Orford author Sarah Foot’s new book Fragments ? and the family health crisis that put story-writing on hold
Sarah Foot doesn’t crave the spotlight, so the publication of her new novel brings mixed feelings. It’s lovely that people will read the story, but publicising it… well, you sense she’d rather be walking alone among the snowdrops. Steven Russell delays her
Powerful writing exposes the dark fears we hide in the corners of our mind. Sarah Foot’s new novel does that – from the cover. “Life can shatter in a moment,” it warns. “Then you must pick up the pieces.”
It’s true. At 20, you’re immortal. At 45 – however many unit trusts you have in your portfolio; however many swish cars glint in the driveway – you begin to suspect that stability hangs by a thread. More hinges on luck than we like to admit.
Sarah knows it. Once, husband Tony lay in an induced coma, very seriously ill with septicaemia that triggered multiple organ failure. He recovered, thank goodness, but it was a jolting reminder about fragility.
“He got ill incredibly quickly,” Sarah recalls. “On a Sunday afternoon I was saying to a friend ‘Is it man flu, do you think?’ Forty-eight hours later he was put into a coma. People, very well-meaning, were thinking ‘Do this…’, ‘You should be doing that’ as he came out of the coma – thinking you could control this awful thing – but all I could do was wait.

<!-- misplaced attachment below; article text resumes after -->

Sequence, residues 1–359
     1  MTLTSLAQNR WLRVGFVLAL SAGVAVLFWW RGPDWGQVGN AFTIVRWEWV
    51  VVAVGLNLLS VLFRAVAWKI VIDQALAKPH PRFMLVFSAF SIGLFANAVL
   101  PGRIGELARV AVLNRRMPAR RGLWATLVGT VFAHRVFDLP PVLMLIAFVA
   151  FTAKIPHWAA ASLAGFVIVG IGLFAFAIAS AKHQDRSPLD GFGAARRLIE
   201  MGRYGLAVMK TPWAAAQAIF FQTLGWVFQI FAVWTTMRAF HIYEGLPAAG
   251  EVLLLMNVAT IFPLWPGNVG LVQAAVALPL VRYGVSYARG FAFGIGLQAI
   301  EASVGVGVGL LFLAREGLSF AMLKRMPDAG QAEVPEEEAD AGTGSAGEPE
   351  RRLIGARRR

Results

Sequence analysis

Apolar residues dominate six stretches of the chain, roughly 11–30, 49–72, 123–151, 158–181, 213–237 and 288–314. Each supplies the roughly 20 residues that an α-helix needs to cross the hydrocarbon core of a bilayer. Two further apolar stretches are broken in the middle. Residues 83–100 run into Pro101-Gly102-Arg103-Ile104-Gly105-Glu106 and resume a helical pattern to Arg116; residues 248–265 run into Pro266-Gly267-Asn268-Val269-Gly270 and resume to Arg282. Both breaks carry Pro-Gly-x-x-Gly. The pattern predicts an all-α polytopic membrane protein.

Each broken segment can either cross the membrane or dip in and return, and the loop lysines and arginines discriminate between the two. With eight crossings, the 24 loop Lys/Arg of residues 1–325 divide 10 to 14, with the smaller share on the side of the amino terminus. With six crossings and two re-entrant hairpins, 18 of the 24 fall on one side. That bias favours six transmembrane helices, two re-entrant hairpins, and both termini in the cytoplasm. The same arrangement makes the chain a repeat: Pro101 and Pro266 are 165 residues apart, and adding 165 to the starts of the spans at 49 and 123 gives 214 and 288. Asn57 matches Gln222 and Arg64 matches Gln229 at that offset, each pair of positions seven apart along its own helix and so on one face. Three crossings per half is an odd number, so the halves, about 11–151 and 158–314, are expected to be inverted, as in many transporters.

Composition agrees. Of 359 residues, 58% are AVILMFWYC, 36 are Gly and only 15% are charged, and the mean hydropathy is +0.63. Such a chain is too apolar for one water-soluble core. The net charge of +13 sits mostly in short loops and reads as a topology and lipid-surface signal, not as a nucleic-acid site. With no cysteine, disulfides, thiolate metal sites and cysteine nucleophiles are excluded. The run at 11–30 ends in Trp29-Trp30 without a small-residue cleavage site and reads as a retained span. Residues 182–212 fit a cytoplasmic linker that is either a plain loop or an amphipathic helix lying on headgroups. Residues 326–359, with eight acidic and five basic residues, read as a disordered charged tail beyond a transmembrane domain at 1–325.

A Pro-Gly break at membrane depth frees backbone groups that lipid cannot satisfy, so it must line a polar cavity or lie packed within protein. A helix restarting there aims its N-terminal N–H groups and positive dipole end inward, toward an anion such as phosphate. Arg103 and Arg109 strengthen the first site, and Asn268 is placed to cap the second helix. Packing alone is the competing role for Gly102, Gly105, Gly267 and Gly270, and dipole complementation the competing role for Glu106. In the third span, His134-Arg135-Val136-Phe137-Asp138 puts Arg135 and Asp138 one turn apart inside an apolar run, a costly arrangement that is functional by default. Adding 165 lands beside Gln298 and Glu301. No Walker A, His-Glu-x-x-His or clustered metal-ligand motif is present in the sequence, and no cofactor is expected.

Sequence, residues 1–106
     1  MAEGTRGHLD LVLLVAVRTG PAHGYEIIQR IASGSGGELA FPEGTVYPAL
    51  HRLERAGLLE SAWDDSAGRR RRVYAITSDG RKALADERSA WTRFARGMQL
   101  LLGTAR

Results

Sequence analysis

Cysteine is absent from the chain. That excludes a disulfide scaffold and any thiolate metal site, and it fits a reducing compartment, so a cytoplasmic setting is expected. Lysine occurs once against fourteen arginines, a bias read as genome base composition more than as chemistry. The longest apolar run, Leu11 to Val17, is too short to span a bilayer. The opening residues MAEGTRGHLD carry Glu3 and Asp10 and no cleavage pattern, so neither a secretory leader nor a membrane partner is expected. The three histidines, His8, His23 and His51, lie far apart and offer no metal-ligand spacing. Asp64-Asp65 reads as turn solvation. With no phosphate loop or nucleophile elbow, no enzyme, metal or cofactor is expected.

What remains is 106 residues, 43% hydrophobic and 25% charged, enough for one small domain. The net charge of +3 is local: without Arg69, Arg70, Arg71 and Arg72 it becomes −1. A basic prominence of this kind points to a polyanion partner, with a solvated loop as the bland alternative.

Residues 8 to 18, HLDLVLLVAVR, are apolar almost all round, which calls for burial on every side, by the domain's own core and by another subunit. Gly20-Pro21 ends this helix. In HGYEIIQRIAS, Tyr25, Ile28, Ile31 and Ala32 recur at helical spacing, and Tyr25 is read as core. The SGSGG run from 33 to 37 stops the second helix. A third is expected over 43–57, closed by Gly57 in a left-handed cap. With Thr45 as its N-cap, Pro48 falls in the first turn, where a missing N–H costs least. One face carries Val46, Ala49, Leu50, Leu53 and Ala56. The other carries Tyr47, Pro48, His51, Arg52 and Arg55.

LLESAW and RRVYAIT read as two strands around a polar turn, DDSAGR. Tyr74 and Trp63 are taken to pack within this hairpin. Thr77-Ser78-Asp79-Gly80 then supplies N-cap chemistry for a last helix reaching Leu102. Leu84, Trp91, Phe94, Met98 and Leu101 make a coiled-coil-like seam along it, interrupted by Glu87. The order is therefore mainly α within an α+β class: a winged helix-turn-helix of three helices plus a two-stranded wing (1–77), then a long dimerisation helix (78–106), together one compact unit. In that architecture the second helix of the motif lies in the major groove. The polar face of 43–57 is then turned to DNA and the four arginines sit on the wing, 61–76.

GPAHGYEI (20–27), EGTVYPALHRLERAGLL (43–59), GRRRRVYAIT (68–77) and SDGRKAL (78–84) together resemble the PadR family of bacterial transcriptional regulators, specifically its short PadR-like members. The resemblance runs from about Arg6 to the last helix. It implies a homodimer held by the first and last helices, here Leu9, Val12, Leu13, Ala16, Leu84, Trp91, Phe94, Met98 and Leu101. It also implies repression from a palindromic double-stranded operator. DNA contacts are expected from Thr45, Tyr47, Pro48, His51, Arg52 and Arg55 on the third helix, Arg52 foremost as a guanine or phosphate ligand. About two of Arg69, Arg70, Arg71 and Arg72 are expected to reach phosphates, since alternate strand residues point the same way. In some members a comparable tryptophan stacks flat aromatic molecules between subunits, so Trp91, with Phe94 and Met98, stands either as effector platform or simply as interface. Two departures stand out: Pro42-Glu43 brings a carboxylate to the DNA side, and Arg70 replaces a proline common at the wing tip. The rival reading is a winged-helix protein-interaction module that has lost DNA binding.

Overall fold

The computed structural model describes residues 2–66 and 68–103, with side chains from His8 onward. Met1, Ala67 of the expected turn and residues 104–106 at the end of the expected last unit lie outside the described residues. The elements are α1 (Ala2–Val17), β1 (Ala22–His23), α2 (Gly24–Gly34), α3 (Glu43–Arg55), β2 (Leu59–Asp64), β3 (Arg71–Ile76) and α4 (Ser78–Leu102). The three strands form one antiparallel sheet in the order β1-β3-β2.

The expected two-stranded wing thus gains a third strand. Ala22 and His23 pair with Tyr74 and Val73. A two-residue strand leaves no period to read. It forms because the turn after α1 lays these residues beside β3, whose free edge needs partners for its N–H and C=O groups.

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“I remember once in intensive care there was this man who had been involved in a car accident, and I overheard a junior doctor say to the senior one ‘What can we do for this poor young man?’ and she said ‘Just wait.’ Sometimes things are beyond your control.
“I suppose that relates to my character Julia, who thinks that if she works hard enough and is bright enough she has more control than she does in the end.”
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Julia, in Sarah’s book Fragments, is a top-notch lawyer who thinks her drive and intelligence can keep inner demons at arm’s length. Husband Phillip, meanwhile, is a big-hitter in the advertising industry who discovers he can no longer “sell” himself to himself. Looking for meaning, he quits “to give something back”.